underlined amino acid residues: amino acids involved in tertiary structure.

bold font: complementarity determining regions.

amino acid residues in boxes: proposed replacements.

The description is the same for both, heavy and light chains.

FIG. 4 Molecular model of the variable region of mAb R3 displayed as a ribbon. VH is on the right and is darker than VL. The model shows the side chain of murine residues that were mutated in order to humanize the predicted amphipatic segments.

FIG. 5 Detection of binding of the chimaeric and mutant R3 to EGF-R by RRA.

Antigen binding activity was assayed in different concentrations of purified murine R3 (-.-), chimaeric R3 (+) and mutant VHR3/muR3VK (*) and plotted as CPM of bound 125 I-EGF against log of the concentration of each antibody. (concentration of IgG was quantitated by ELISA.)

FIG. 6 Immunization of monkeys with murine R3, chimaeric R3 and mutant R3.

ordinates: Absorbance at 405 nm.

abscises: number of days of blood collected.

The ELISA was performed as described in EXAMPLE 9. The arrows indicate the time of intravenous injection of 2 mg of each mAb. The serum dilution used was 1/10,000.

FIGS. 7 and 8 Analysis for the modification of the variable regions of heavy and light chains of antibody IOR-T1.

A: sequence of the variable region of the murine IOR-T1 monoclonal antibody.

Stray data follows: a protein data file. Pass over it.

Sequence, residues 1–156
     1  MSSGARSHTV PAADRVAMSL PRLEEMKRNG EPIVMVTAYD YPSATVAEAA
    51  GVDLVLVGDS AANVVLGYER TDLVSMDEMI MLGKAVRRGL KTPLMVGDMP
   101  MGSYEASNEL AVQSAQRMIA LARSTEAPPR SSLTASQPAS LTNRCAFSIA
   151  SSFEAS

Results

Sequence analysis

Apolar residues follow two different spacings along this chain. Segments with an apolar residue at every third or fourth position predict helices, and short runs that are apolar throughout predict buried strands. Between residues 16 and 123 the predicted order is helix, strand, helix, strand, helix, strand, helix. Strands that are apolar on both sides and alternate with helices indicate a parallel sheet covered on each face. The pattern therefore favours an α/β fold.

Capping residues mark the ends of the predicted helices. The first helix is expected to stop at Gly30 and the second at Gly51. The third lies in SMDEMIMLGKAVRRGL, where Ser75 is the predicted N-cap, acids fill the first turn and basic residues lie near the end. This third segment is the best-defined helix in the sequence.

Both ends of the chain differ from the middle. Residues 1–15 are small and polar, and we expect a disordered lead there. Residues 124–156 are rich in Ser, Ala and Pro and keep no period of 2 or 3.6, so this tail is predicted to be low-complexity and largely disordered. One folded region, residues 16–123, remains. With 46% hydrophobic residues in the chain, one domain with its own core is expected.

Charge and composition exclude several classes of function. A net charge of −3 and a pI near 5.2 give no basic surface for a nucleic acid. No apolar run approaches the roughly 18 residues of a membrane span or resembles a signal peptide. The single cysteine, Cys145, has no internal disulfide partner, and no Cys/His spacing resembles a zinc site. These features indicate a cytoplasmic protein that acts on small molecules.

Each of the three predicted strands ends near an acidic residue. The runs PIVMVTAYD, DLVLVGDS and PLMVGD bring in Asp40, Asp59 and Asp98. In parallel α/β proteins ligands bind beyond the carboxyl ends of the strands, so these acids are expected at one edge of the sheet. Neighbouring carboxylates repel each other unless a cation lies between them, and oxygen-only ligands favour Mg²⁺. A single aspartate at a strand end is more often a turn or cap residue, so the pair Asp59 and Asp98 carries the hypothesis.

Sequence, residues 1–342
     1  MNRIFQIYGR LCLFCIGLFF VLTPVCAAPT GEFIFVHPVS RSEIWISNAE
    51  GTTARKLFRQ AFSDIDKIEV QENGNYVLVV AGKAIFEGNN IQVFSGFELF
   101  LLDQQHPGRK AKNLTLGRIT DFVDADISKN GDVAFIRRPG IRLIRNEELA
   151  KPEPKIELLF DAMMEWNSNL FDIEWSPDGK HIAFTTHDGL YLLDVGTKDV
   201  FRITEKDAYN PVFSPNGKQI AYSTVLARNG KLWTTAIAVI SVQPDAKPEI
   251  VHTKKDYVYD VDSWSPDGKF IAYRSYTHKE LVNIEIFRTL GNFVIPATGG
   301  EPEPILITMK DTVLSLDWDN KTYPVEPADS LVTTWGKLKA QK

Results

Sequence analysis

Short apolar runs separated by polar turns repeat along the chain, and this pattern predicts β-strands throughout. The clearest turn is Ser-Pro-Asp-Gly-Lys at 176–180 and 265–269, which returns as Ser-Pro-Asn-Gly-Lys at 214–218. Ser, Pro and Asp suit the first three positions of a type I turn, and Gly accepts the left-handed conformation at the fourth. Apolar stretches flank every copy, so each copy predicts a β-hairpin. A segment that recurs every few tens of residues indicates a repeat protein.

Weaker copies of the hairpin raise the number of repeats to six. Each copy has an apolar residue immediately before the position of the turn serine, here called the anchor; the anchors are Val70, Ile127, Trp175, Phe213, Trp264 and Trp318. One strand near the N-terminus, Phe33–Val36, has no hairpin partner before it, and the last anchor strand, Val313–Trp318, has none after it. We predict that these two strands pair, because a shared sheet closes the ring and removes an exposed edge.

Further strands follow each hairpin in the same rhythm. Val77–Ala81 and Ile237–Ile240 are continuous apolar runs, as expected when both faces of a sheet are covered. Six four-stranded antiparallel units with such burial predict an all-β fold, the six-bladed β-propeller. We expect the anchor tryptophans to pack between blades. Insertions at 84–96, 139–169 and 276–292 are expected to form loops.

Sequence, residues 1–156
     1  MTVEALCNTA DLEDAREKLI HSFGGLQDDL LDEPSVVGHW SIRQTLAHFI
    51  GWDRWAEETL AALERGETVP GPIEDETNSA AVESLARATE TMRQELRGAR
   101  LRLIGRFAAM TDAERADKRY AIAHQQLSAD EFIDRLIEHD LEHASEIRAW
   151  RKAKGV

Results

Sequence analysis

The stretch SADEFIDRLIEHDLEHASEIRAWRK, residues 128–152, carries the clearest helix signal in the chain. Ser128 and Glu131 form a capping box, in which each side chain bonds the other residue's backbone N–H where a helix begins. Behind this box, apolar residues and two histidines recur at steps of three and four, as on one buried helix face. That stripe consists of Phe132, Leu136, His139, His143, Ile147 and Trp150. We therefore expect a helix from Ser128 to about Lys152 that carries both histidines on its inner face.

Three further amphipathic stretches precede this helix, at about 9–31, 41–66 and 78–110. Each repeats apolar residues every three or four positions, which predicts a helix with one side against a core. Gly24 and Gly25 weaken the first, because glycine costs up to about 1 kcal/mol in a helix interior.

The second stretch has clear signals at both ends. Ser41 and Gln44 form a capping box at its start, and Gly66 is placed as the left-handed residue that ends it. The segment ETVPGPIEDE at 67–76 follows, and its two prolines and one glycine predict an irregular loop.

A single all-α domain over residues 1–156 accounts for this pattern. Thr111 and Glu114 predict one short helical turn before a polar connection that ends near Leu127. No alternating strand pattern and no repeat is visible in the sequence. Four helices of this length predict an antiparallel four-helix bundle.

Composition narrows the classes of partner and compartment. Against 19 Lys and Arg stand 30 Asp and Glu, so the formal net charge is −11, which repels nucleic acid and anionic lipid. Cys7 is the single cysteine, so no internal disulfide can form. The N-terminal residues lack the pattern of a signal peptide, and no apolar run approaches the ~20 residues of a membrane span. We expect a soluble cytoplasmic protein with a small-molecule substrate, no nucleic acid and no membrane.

B: sequence of the variable region of the most homologous human immunoglobulin.

C: sequence of the modified variable region of IOR-T1 antibody.

The symbols are the same as in FIG. 2. The description is the same for both, heavy and light chains.

FIGS. 9 and 10: Analysis for the modification of the variable regions of heavy and light chains of antibody IOR-CEA1.

A: sequence of the variable region of the murine IOR-CEA1 monoclonal antibody.

B: sequence of the variable region of the most homologous human immunoglobulin.

C: sequence of the modified variable region of IOR-CEA1 antibody.

The symbols are the same as in FIG. 2. The description is the same for both, heavy and light chains.

DETAILED DESCRIPTION OF THE INVENTION

The present invention relates to a procedure which simultaneously reduces immunogenicity of the rodent monoclonal antibody while preserving its ligand binding properties in its entirety. Since the antigenicity of an immunoglobulin is dependent on the presence of T-cell antigenic peptides within its sequence, the immunogenicity of a xenogenic or allogenic antibody could be reduced by replacing the residues included in the T-cell antigenic sequences which differ from those usually found in antibodies of another mammalian species.

The replacement of residues does not include those involved in the canonical structures or in the Vernier zone. This judicious replacement of residues has no effect on the structural determinants or on the interdomain contacts, thus, ligand binding properties should be unaffected as a consequence of alterations which are limited to the variable region framework residues.